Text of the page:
MyHeritage turned down a chance for bigger exit by holding off on going public
The genealogy company has long been profitable, and could have raised more money by going public, but preferred to remain private, quadrupling its investors' earnings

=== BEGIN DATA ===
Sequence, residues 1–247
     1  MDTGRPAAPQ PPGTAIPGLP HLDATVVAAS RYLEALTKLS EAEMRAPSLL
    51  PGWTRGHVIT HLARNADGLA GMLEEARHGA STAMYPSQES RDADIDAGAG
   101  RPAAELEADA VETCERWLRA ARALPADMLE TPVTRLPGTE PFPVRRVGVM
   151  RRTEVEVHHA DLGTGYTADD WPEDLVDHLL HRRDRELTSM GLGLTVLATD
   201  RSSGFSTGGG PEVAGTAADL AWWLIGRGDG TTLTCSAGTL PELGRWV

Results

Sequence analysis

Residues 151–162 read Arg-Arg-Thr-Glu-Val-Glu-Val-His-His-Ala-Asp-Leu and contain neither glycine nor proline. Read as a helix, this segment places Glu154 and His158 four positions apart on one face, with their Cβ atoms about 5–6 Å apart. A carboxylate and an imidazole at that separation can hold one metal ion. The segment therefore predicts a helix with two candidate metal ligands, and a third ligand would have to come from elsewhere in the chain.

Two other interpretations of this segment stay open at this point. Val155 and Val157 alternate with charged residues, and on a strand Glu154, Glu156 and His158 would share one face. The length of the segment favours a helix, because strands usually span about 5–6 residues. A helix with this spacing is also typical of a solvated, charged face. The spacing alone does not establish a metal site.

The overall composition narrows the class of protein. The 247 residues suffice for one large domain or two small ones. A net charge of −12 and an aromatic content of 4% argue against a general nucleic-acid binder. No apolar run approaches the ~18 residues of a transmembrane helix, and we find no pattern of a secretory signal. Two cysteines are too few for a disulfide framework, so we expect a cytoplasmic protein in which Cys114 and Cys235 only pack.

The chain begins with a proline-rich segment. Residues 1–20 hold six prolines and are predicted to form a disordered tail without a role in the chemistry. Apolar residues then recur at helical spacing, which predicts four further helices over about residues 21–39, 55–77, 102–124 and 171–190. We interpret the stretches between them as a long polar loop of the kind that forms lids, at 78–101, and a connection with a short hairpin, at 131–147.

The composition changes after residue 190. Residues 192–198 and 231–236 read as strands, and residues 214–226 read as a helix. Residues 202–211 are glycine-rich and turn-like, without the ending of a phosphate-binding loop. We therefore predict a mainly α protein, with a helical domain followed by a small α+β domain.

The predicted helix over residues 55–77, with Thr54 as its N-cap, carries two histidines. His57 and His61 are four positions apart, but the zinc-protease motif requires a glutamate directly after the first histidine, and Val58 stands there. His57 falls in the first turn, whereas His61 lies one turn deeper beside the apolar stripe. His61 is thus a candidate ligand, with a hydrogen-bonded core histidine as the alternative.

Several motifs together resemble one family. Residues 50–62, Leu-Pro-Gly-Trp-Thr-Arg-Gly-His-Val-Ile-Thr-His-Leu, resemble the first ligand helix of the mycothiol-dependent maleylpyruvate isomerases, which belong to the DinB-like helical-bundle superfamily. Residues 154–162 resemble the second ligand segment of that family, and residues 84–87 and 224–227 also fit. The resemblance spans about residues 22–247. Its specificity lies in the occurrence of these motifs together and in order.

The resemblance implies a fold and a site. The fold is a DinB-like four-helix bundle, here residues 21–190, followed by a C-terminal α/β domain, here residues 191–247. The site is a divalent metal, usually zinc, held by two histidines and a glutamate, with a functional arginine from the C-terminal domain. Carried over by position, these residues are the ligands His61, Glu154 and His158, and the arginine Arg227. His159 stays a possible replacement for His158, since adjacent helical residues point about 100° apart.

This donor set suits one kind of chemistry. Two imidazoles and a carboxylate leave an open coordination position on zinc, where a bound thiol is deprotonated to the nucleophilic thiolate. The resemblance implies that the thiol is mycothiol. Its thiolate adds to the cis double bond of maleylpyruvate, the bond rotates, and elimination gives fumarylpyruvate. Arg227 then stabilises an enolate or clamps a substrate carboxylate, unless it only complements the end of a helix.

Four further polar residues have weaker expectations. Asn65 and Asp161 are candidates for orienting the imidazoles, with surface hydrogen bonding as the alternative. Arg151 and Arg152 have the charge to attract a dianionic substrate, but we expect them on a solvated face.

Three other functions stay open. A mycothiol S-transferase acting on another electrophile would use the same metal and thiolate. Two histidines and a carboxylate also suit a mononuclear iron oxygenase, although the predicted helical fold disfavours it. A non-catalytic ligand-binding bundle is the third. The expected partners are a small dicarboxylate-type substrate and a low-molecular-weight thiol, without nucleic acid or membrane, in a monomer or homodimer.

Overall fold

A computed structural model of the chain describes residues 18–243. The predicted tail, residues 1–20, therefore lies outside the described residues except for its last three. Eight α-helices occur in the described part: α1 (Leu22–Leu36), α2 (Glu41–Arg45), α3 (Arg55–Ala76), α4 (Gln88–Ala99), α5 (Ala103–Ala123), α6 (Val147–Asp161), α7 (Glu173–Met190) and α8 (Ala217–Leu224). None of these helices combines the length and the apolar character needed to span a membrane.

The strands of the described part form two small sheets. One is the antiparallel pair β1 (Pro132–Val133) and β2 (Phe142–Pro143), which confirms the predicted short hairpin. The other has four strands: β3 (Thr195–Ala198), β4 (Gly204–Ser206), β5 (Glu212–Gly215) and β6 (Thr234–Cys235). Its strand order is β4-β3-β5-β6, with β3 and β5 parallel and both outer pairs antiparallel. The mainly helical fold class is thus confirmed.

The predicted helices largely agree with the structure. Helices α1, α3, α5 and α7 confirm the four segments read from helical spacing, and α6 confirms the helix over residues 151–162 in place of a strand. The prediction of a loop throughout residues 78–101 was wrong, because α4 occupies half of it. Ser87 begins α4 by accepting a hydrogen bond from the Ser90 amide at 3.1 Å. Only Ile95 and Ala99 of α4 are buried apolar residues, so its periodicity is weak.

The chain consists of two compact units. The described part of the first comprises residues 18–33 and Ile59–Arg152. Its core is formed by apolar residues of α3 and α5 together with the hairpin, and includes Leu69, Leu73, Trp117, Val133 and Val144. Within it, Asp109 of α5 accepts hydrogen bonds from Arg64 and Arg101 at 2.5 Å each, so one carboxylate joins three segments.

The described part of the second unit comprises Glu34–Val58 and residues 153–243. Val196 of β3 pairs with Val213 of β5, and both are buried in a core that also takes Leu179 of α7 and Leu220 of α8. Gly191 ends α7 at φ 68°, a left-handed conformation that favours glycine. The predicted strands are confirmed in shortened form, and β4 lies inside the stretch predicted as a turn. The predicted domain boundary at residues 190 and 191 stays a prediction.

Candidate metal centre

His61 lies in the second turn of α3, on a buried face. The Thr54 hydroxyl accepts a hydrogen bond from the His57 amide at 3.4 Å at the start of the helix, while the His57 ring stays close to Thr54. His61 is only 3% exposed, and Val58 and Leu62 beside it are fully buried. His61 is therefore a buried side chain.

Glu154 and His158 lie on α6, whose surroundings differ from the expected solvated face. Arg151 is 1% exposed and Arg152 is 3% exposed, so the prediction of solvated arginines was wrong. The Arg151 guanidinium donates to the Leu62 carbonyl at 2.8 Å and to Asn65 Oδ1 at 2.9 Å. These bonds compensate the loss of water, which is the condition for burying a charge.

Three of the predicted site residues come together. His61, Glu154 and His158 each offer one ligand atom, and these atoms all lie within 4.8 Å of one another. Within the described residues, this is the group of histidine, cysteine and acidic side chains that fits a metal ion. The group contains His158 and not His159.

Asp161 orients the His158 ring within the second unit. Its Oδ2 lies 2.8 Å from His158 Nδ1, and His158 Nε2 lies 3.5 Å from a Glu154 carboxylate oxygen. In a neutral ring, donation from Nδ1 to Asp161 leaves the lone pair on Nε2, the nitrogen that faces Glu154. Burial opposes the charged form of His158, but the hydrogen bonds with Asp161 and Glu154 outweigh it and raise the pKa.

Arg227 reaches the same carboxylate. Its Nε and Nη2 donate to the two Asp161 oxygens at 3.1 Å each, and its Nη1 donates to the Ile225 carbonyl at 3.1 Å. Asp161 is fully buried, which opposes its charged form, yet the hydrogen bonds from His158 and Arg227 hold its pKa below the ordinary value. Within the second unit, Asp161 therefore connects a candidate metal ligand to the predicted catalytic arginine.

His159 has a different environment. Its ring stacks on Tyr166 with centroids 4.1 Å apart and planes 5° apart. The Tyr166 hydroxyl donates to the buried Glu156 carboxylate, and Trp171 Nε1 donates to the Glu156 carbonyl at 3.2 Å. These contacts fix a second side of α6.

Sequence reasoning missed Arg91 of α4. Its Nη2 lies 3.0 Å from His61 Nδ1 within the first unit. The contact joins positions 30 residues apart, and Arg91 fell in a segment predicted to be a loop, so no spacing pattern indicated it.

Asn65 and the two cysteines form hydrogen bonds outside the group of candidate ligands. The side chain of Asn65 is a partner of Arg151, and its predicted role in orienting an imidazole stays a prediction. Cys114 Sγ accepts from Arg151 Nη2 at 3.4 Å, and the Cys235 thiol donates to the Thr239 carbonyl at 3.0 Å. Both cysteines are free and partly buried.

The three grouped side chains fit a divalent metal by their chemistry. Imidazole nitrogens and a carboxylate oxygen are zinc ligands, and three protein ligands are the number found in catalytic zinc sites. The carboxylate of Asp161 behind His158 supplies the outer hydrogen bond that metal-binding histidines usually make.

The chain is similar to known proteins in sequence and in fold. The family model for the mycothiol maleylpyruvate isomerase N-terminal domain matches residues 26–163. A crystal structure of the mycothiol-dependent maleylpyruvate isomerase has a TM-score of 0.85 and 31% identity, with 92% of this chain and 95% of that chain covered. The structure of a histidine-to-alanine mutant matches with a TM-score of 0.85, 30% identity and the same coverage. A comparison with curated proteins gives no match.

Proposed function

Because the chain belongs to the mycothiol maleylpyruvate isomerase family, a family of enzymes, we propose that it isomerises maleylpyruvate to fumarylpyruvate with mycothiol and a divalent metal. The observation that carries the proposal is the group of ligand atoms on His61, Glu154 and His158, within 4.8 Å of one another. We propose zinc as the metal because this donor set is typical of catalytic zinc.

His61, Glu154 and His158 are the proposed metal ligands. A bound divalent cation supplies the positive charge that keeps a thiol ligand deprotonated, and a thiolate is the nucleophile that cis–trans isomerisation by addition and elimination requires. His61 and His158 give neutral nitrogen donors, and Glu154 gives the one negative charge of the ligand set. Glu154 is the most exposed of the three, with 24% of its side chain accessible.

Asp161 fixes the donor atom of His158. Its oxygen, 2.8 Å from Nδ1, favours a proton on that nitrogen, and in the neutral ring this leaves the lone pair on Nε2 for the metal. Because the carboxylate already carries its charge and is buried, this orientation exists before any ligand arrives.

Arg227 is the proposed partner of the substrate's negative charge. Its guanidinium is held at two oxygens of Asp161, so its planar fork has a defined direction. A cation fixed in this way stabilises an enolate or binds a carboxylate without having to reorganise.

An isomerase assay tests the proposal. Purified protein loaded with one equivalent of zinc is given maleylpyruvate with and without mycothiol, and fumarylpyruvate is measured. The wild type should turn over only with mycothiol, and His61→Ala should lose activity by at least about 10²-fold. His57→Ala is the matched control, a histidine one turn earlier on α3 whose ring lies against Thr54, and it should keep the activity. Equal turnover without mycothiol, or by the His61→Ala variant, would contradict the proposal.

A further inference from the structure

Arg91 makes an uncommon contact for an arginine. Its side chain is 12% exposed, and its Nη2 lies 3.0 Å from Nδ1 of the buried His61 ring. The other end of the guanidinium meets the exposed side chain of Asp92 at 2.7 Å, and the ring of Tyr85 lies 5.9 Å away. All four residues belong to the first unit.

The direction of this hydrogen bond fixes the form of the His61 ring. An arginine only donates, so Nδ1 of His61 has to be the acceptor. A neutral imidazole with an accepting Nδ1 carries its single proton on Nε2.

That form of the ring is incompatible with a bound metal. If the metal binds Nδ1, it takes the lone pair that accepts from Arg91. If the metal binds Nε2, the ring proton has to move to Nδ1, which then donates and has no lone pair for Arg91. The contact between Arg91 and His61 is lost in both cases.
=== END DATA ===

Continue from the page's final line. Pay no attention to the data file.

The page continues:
According to market estimates, the willingness to compromise on the price stems from the terms of the deal with Francisco, which allow MyHeritage to continue to operate without going public and giving the company’s veteran investors and employees a chance to cash out. That vector seems ideal for the company’s founder and CEO Gilad Japhet, who believes that now is the time to make an exit. “It’s difficult to be a promising startup after 17 years, and among the options that were on the table, theone Francisco offered was the most suitable to me,” Japhet told Calcalist, “they are the ones who most want to lead the company to an exit without being forced to turn things around too much.”The long list of investors and shareholders that MyHeritage has accumulated since its inception includes a great number of investment funds and private investors, some of whom are well-known in the local capital market. Some of the prominent funds include Bessemer Venture Partners, whose senior partner in Israel, Adam Fischer, has been accompanying Japhet and the company since 2012; secondary funds Vintage and ISF, as well as the European Accel fund. The lone institutional investor is the Halman-Aldubi Comprehensive Pension Fund, which invested in MyHeritage in 2016 and is now expected to earn a 400% return its NIS 15 million ($4.5 million) investment. Among its private investors are entrepreneurs Gigi Levy-Weiss, General Partner at the NFX fund, who continues to hold shares after the sale; Yuval Rakavy, advisor to the BRM group; one of the company’s past partners Ilan Bendov, among many others. Francisco Partners first entered the local market in 2016, and expanded its operations with the appointment of the former Alvarion CEO Eran Gorev as its Israeli partner. The company’s most well-known investment in Israel is NSO, which Franscico acquired a 70% controlling stake in for $130 million in 2014 and sold it to back to the company’s founders and Novalpina Capital for $800 million in 2019. “Gilad is a respected visionary in the field of genealogy, who has built an outstanding company,” Gorev said. “He is a great partner who built a wonderful team with a strong company culture. This is a company that reinvents itself all the time from a technological standpoint on an issue that impacts many people around the world. We will do everything to assist the company to expand its areas of activity, and focus on helping it build on the business momentum that it has achieved in international markets.” “I believe that Gilad and his team will continue to take the company to new heights, this time alongside Francisco Partners. Every MyHeritage user who builds a family tree can find value in family trees built by other users, and in that sense it’s nearly impossible for new competitors to provide similar value. The company’s DNA testing also creates a network effect and customer retention that will allow it to significantly grow over the coming years,” Levy-Weiss said. “For many founders, an exit is the end of an ambitious journey which hasn’t been fulfilled,” Fisher wrote in a post about the sale, and added that “MyHeritage developed a product that touches people for many years, and will continue to live on for a long time.” Over the last year, MyHeritage generated headlines for establishing a private coronavirus (Covid-19) testing lab in Petach Tikva, which according to Japhet made up a small part of the deal. “As long as the country needs a lab, it will continue to operate. Once we beat the pandemic, we’ll decide what to do with the lab,” Japhet said.